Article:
Carmel Valley: Physician who was diagnosed as a ‘glaucoma suspect’ devotes practice to helping others combat glaucoma
By Arthur Lightbourn
ContributorWhen he was a young physician doing his residency in ophthalmology at USC Medical Center in Los Angeles, Dr. J. Rigby Slight made a startling discovery that impacted the direction of his career.
He was confirmed as a likely candidate for glaucoma due to the “look” of his optic nerve.
Glaucoma is an eye condition that results in optic nerve damage causing vision loss and even blindness. It is usually associated with aging, but it was detected as an unwelcome sword of Damocles hanging over Dr. Slight’s head when he was in his early 30s.
That’s when Slight chose glaucoma as his subspecialty.
“I decided to learn everything I could about it,” he said. “And to this day, I’m still what you call a ‘glaucoma suspect’ and get my checkups every year, but I have not yet developed glaucoma and that’s now 45 years, but I still watch it.”
In the interim, Slight has devoted a major part of his practice during the past four decades to treating thousands of patients in North County for a disease that afflicts 4 million Americans — “2 million who know they have it and another 2 million that have it but don’t know it.”
Glaucoma is the collective name of a group of diseases sometimes called the “silent thief of sight” because it often damages a person’s vision so gradually that any loss of vision may not be noticed until the disease has reached an advanced stage.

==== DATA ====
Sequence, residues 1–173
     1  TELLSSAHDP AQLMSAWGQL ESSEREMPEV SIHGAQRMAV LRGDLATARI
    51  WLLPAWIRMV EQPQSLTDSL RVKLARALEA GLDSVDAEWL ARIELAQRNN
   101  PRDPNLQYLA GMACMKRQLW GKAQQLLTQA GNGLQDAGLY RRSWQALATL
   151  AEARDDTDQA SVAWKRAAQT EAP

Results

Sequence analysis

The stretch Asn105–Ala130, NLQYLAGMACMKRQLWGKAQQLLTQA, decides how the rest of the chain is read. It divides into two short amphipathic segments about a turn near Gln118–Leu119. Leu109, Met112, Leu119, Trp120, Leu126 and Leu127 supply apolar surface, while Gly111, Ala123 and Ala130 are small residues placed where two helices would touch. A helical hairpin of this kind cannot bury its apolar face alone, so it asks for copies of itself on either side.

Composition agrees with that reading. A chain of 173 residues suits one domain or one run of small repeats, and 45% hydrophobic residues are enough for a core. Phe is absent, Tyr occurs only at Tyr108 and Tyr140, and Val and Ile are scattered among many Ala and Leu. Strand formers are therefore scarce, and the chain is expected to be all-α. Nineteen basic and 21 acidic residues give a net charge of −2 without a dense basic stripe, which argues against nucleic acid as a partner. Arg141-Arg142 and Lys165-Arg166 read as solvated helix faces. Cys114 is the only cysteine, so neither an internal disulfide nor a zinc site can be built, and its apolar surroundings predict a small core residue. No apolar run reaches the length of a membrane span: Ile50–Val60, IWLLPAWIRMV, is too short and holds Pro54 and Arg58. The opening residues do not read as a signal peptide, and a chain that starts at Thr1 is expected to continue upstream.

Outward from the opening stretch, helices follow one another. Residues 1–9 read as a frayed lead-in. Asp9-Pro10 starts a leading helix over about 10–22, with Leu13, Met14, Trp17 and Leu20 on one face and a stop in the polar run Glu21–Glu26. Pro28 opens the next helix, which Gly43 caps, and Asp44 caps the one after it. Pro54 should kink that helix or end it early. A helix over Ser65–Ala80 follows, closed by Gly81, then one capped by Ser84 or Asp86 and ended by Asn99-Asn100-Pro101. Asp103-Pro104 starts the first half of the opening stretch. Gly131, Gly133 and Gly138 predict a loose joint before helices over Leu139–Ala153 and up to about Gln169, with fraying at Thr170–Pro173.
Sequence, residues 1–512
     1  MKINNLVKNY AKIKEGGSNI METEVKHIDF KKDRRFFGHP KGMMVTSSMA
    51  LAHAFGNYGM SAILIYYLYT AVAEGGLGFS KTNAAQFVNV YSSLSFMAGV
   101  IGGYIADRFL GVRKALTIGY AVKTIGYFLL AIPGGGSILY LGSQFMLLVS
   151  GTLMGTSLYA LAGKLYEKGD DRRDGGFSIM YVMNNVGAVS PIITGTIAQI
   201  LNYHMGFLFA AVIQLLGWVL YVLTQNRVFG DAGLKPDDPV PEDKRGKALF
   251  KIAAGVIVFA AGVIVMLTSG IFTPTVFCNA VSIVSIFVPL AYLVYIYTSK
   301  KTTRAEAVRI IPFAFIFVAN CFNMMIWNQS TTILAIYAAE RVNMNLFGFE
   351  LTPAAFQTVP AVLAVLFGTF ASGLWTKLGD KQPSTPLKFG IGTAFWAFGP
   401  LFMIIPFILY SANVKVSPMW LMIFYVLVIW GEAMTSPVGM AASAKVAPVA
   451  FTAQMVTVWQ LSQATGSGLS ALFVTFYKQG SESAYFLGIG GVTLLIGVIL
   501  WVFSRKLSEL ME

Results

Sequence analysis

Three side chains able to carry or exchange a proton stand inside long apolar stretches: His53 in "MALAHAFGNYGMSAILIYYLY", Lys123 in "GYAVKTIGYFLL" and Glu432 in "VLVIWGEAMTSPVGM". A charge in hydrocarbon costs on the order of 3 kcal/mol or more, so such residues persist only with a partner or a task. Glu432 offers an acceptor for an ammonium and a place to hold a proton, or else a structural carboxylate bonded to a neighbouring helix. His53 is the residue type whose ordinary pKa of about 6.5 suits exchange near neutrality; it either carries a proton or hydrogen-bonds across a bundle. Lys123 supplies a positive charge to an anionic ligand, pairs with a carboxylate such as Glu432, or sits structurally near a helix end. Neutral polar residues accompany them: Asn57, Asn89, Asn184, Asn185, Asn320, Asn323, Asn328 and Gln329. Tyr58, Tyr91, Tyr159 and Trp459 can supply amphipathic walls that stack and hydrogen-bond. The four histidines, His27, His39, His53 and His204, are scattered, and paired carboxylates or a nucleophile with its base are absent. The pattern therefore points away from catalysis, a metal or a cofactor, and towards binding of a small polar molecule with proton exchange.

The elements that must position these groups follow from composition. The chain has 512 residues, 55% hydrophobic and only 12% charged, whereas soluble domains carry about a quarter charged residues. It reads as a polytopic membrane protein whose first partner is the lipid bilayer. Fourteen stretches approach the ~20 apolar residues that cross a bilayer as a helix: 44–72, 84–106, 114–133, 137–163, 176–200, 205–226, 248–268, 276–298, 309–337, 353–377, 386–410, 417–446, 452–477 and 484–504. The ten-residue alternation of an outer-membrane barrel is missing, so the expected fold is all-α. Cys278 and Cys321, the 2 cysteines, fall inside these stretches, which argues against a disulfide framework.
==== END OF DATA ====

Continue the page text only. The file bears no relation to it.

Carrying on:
UCSD’s School of Medicine recently honored Slight with the 2010-2011 “Outstanding Clinical Teaching Award ” for his contribution to teaching ophthalmology residents and fellows glaucoma diagnosis, management and surgery.
He has served on UCSD’s medical school faculty for 41 years.
We interviewed the 76-year-old clinician and surgeon in his private practice office in Solana Beach.
With a full head of pure white hair and a relaxed demeanor, Slight said that “People keep saying I look like Andy Rooney.”
Right, not only looks like, but talks like Andy Rooney, the curmudgeon writer and TV commentator who gives his amusing take on life’s peculiarities weekly on CBS’s “60 Minutes.”
“I’d like to meet him someday,” Sight said, “because when he’s talking on the show, I have to agree with almost everything he says. I just wish I had his money.”
Slight was born in Bartlesville, Oklahoma, of English and Dutch heritage. The name ‘Slight’ is an Anglicized derivation of the family’s Dutch ancestral name ‘Van Sleight.’ His father was a hotel manager.
Initially, Slight was considering a career in engineering when he enrolled at Westminster College in Fulton, Missouri. “But it happened to be a very strong pre-medical school and the more exposure I got to the idea of medicine, the more I got interested in it…and changed my major out of engineering into pre-medicine.
“It was the best move I ever made,” he said, “and that’s why I’m here.”